Editor’s note: Tony Grossi is an analyst on the Cleveland Browns for TheLandOnDemand.com and 850 ESPN Cleveland.
The revival of the long-dormant Browns-Steelers rivalry is rooted in the final weekend of the 2018 season.
The Steelers were victorious in their 16th game, but needed a Ravens loss to claim the AFC North division title. The Browns were taking the Ravens down to the wire in Baltimore.
On the giant video screen in M&T Bank Stadium, the image was shown of Steelers players kneeling on the field watching the Browns-Ravens game on the Heinz Field video screen, rooting for the Browns – their rivals since 1950 -- to pull off the upset. It didn’t happen, and the Steelers were shut out from the playoffs.
Fast forward to Nov. 14 in FirstEnergy Stadium.
The Browns physically beat the Steelers, knocking out two offensive players with concussions on illegal helmet-to-helmet hits and dominating their offensive line. In the final eight seconds, a brawl erupted when pass rusher Myles Garrett tangled with Pittsburgh quarterback Mason Rudolph and then ripped off his helmet and bopped him on the head with it.
When the dust had cleared, three players were suspended – Garrett for the rest of the season – and two franchises plus 35 players were assessed more than $800,000 in fines.
Seventeen days later, the teams meet in Heinz Field for the rematch in what amounts to an elimination game. The loser likely is out of the playoffs. The winner lives for another week.
In the spirit of the rivalry being renewed, we spoke with Browns players from three different eras to give their thoughts on Cleveland vs. Pittsburgh.
Robert E. Jackson, offensive guard, 1975-85
His record vs. Steelers: 5-17.
Jackson was undrafted out of Duke at a time the NFL draft consisted of 17 rounds. He entered the rivalry the year after the Steelers won their first Super Bowl behind their future Hall of Fame-laden Steel Curtain defense.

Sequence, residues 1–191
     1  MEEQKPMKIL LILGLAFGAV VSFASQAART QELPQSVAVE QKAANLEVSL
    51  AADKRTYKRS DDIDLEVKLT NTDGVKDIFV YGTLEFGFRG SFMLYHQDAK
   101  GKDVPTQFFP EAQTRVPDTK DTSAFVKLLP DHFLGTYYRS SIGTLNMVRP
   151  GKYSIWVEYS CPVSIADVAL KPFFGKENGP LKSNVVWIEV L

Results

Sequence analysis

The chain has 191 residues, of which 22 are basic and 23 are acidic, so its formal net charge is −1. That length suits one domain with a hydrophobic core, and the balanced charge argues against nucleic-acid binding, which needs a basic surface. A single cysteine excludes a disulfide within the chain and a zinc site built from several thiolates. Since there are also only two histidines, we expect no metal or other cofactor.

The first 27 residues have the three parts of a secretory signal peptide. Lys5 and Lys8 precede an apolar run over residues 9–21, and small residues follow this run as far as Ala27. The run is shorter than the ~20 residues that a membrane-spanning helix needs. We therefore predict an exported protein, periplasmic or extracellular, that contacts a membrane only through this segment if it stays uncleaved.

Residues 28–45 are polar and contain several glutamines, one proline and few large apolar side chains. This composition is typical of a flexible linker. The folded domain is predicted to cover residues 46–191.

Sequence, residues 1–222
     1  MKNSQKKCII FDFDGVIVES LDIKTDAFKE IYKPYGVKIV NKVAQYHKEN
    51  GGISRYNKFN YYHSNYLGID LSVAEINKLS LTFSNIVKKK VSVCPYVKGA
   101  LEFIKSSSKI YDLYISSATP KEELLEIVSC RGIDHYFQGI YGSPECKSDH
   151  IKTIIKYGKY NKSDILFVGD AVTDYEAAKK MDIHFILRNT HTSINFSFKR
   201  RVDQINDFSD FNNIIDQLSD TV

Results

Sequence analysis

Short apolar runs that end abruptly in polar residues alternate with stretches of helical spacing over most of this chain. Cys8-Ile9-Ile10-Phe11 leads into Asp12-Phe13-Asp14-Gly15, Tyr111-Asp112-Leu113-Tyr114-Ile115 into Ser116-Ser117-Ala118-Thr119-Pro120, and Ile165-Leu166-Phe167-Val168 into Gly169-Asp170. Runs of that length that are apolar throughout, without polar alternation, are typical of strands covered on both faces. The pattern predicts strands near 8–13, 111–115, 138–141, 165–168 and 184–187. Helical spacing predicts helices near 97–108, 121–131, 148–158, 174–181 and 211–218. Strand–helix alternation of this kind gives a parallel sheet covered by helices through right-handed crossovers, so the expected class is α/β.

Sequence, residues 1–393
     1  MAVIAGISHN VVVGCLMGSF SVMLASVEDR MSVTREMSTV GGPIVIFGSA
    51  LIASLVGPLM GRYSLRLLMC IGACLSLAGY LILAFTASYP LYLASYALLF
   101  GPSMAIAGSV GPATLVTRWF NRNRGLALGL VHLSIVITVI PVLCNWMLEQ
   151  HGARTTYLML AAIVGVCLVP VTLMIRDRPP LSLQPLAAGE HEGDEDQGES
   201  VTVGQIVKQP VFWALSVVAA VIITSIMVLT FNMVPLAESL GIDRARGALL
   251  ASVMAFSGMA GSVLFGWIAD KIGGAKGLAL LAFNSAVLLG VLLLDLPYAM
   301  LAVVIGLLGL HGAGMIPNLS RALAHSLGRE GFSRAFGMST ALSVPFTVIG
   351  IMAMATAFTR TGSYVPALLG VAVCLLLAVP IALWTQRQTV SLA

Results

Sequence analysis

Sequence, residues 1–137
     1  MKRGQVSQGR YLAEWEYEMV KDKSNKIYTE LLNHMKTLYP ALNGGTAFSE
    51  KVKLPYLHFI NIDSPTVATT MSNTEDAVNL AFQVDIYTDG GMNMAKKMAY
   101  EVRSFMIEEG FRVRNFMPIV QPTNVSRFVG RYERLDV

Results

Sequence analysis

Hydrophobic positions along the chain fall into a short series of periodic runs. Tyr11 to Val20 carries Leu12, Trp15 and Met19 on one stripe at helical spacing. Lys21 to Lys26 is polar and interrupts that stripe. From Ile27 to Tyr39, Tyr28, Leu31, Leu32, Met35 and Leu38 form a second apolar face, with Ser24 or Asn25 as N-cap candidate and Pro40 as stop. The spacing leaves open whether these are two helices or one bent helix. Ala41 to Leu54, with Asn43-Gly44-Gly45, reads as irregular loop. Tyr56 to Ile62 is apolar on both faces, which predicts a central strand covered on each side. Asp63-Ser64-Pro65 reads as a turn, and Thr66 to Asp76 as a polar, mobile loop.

His break – if you want to call it that – came after one of the ugliest scenes in the Cleveland-Pittsburgh rivalry.
“Seventh game of the season. Joe Greene kicked Bob McKay [in the groin]. Bob went to the ground and Joe kicked him three more times. It was a 15-yard penalty and Joe got fined like $1,000. Bob was so shaken, he never came back. That’s how I got my start.
“His heart was never in it anymore. Joe alleged Bob was holding him too much. Bob was hurt, but also mentally. I think he just lost his will after that.
“[The rivalry] was always physical. We never said hi or goodbye on the field. Never said a word to them. It was both sides of the field that way. Very intense. The same way the fans felt about each other. We used to have a lot of episodes. There was always a lot of tension between us.
“Seeing this thing come up last week just brings up old memories of the way it was.
“Remember when Joe (Turkey) Jones slammed Terry Bradshaw [in a 1976 game]? Turkey body-slammed him head-first into the ground. [Jones received a 15-yard penalty and was fined $3,000].
“[Guard] Henry Sheppard and Jack Lambert got into it [in a game in 1978]. Jack Lambert hit Brian Sipe and got a penalty. They threw a flag and Lambert was going nuts, and Henry said something like, ‘Nice late hit, Jack’ and they got into a fight. Everybody had to broken up.
"Lambert got kicked out. There were always incidents going on.